28 May 2014
For a certain class of Parisian, familiarity with the marché aux puces is a basic mark of distinction. It doesn't matter if very few of us do any actual shopping in the stratospherically-priced high design markets north of the city. Les puces constitute the city's most accessible museum and, at once, its most cosmopolitan feature, for the knowledge that Paris entices the world's most discerning interior decorators to spend lavish sums in the center of a chaotic slum is something anyone can enjoy.
Who are these titans of the earth, we wonder, dropping tens of thousands on Finn Juhl chairs and Adnet lamps? Do they or their decorators mind dealing with the strange unhurried merchants who drip bad red wine and cut sausages on the merchandise during transactions? There is even poetry in this: to purchase a luxury item at the flea markets, a client must descend, momentarily, to the world of crowded guingettes and couscous.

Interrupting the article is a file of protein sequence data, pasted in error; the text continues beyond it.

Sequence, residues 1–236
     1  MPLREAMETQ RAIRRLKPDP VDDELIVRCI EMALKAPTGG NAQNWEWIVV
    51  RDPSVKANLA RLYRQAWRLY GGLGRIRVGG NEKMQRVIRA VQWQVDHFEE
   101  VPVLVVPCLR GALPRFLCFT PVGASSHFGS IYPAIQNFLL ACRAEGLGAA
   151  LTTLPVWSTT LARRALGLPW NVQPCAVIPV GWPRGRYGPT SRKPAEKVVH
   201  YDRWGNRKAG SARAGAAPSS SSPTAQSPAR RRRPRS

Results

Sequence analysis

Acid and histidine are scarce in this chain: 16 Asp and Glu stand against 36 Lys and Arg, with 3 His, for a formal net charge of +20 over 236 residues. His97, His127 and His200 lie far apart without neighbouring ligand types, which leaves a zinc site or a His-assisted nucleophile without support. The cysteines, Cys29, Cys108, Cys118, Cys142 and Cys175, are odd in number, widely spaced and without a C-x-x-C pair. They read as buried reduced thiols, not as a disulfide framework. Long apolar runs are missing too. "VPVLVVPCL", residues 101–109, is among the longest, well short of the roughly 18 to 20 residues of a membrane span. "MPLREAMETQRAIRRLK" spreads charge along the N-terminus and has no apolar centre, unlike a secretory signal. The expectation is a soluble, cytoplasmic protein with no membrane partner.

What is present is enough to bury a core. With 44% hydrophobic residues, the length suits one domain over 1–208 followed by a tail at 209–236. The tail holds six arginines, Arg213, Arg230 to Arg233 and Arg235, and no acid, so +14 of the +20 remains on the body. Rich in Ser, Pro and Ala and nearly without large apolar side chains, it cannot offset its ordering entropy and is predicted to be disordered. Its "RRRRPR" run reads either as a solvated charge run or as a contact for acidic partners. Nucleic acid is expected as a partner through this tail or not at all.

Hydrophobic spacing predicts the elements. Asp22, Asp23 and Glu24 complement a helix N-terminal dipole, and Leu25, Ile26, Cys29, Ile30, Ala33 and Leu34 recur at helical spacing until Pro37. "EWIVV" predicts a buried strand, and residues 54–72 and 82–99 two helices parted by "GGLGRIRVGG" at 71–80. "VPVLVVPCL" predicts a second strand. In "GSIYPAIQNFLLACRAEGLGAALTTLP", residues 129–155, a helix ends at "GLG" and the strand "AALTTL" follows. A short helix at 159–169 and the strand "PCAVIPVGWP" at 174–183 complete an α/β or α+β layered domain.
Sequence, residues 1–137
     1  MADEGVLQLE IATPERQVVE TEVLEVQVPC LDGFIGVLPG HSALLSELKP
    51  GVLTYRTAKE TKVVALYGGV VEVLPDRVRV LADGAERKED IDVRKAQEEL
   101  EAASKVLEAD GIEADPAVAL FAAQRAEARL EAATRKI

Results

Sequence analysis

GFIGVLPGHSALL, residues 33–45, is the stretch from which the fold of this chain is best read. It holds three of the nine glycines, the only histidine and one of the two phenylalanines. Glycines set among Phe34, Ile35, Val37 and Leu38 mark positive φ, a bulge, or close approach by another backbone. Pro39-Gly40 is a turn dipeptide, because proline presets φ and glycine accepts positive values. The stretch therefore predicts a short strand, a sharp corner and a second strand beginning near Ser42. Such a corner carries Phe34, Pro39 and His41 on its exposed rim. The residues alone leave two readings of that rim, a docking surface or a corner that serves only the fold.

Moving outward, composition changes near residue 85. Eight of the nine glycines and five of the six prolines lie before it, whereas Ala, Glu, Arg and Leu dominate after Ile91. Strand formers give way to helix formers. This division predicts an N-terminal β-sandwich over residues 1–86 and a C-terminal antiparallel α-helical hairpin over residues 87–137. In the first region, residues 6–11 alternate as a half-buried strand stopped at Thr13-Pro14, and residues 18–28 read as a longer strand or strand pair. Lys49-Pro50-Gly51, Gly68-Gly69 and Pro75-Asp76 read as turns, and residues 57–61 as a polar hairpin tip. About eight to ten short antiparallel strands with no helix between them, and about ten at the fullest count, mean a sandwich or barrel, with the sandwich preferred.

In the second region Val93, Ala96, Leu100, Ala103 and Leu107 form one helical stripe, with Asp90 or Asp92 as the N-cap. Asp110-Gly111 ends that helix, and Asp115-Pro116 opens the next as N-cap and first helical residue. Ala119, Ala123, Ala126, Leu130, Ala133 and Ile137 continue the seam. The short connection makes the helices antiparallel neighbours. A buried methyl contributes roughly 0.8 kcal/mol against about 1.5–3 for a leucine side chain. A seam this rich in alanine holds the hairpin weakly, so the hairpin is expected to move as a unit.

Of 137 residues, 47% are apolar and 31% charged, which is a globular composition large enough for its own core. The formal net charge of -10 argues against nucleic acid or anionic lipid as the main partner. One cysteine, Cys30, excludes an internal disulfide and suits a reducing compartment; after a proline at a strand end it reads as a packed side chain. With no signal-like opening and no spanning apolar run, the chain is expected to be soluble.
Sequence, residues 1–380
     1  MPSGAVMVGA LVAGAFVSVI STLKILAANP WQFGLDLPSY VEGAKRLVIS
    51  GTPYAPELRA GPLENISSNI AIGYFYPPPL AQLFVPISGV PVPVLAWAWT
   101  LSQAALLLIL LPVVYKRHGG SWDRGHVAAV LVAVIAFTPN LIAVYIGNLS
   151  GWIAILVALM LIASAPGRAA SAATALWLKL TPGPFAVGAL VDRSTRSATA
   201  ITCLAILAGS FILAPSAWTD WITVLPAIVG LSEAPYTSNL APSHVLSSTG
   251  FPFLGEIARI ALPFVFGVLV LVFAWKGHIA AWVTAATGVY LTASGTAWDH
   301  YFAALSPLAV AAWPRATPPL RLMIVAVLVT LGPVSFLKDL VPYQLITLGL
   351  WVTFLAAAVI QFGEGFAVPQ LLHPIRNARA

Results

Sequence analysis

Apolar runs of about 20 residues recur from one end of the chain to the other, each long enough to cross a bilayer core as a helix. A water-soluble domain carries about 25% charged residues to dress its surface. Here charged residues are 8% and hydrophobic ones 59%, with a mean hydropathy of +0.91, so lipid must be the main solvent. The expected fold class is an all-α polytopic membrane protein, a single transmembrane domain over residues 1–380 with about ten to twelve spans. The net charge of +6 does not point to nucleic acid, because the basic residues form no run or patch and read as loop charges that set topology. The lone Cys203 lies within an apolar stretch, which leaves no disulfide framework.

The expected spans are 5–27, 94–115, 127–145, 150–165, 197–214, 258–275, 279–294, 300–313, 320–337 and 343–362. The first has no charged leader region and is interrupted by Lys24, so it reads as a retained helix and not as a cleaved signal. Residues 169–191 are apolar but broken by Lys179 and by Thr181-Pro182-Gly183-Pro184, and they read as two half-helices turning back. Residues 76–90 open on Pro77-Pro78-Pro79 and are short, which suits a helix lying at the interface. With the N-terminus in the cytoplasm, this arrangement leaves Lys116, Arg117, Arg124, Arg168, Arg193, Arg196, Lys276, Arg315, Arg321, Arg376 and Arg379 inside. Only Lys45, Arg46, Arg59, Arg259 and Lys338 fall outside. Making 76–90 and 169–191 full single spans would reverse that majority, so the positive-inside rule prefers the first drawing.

But since fall 2012, the world's high-design tastemakers - along with us window-lickers - have had an alternative. Towering at the entrance to the Marché Paul Bert - Serpette, it is a Philippe Starck-designed megalo-bistrot called Ma Cocotte, run by Philippe and Fabienne Amzalak, proprietors of 16ème arrondissement restaurant Bon. Ma Cocotte is positively thronged on weekends, and its success with the flea market clientele reveals something about the separation of aesthetic spheres. Overpriced, anarchic, and irredeemably tacky, it would be Paris' worst restaurant, except that it is not, technically, in Paris.
26 May 2014
The most expensive fallacy of wine travel, to which I habitually succumb, is to assume that, to experience the full breadth of a given region's cuisine, one must dine at least once at a formal restaurant. This is how I convinced myself and my travel companions to dine at Restaurant La Tour, a Michelin-starred restaurant helmed by chef Baptiste Fournier, whose parents owned the restaurant before him.